For centuries the desert mines at Timna, in modern-day southern Israel, provided great riches in the form of copper that was sold across the Mediterranean world.
But just around 3,000 years ago, in the early ninth century B.C.E., this mega mining operation in the arid Arava Valley suddenly shut down, resuming extraction on a much smaller scale only in Roman times.
Archaeologists investigating the ancient site now have a new theory about why this happened. Rather than the copper ore becoming tapped out, it appears that the miners overexploited the already sparse desert vegetation for fuel, to the point that the extraction of the mineral became unprofitable.
The environmental damage was such that the ecosystem around Timna never completely recovered. Some species of plants that once abounded there are still absent three millennia later, the researchers say in a paper published in Nature Scientific Reports.
Nicknamed “King Solomon’s mines” by its early 20th century explorers, the site at Timna has a very long history, most of which (or all of which, depending on who you ask), had nothing to do with the fabled biblical monarch. People have been mining for copper there, appropriately, since the Copper Age, more than 6,000 years ago. But production only truly scaled up in the Late Bronze Age, in the 13th century B.C.E., under the auspices of the Egyptians, who then controlled Timna and most of the Levant.
When the Egyptians withdrew from the region a century later, following a Mediterranean-wide crisis known as the Bronze Age Collapse, the mines were left in the hands of local nomadic tribes, who continued to exploit them with great success. As the Iron Age dawned, they continued to export copper to distant lands including Egypt and Greece, and in turn acquired precious textiles and rare food delicacies unheard of in this remote desert area, archaeological findings at Timna have shown.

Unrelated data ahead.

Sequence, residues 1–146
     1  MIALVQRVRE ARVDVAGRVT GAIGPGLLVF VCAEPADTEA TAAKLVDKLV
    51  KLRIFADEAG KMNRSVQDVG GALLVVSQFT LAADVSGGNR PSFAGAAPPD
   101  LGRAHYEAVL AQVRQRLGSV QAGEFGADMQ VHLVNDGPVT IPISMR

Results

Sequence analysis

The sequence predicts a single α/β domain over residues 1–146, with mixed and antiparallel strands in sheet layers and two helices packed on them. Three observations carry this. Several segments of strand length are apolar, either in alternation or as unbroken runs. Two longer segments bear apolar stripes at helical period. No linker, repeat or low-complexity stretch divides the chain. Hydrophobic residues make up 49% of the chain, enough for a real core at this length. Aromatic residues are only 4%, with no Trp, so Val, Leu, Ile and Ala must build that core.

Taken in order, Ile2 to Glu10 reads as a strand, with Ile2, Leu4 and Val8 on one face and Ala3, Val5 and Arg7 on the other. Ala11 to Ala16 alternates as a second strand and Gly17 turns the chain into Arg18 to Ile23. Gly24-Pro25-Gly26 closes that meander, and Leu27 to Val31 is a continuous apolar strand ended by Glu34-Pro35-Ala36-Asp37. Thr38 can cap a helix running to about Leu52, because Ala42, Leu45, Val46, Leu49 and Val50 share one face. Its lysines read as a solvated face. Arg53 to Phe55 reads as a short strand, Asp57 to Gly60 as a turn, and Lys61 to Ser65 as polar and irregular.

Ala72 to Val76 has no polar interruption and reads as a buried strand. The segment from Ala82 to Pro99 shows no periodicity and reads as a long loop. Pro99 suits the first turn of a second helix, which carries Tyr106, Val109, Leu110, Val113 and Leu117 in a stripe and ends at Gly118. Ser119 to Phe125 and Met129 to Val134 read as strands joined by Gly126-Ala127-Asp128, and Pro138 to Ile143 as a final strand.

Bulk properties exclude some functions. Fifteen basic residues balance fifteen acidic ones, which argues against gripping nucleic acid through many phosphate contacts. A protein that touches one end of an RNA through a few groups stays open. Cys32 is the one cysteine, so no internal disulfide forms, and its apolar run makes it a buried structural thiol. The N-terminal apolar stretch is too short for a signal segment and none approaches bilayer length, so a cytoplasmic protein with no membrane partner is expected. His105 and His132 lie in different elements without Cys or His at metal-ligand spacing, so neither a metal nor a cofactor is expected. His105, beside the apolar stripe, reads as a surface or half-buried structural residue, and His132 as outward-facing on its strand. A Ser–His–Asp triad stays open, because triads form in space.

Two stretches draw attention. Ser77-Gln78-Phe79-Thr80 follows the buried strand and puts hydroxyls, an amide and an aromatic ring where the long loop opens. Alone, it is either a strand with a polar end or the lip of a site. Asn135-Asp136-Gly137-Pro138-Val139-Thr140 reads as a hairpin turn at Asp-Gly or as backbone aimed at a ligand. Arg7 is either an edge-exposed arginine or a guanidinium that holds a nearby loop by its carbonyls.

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Who exactly were these elusive miners, and who ruled them has been the subject of much research and discussion. All we can say for certain is that the peak of industrial production at Timna was reached during the Early Iron Age, from the 11th to the ninth century B.C.E., a time that roughly coincides with the supposed existence of the United Monarchy of David and Solomon over the biblical Israelites. Timna has recently become a flashpoint in the debate over the historicity of this biblical kingdom.
While the new study only touches upon the issue very peripherally, it does focus on this period when the mines were at their zenith and David and Solomon supposedly ruled in Jerusalem, 300 kilometers to the north.
By analyzing the thick layers of charcoal left during these centuries of intense copper smelting in the furnaces of Timna, a team of archaeologists from Tel Aviv University was able to determine the mix of plants used to power the extraction of metal from ore.
Even when burnt to a crisp, microscopic analysis can distinguish between the anatomical structures of different species found in charcoals, as well as which parts of a plant were used, says Dr. Dafna Langgut, who heads the Laboratory of Archaeobotany and Ancient Environments, which performed the study.